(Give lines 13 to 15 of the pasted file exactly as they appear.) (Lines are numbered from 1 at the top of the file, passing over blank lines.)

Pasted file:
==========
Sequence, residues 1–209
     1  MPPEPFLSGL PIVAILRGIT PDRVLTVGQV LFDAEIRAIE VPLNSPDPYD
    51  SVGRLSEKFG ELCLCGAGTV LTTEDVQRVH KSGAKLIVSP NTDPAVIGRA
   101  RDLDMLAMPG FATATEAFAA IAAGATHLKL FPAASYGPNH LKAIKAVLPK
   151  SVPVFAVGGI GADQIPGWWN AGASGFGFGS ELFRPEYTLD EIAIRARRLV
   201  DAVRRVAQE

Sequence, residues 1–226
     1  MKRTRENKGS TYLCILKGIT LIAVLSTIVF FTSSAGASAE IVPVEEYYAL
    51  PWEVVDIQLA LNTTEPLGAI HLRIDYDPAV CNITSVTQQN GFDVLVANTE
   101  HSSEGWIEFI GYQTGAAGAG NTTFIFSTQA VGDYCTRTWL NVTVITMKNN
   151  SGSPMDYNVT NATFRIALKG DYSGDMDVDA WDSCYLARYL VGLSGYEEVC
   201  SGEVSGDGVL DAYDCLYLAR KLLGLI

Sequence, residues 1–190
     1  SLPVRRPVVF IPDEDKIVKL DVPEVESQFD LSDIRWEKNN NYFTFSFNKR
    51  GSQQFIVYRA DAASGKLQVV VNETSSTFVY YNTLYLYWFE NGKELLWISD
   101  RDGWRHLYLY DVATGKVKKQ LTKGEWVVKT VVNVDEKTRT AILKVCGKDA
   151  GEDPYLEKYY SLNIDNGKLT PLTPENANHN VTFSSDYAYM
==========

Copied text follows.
Sequence, residues 1–190
     1  SLPVRRPVVF IPDEDKIVKL DVPEVESQFD LSDIRWEKNN NYFTFSFNKR
    51  GSQQFIVYRA DAASGKLQVV VNETSSTFVY YNTLYLYWFE NGKELLWISD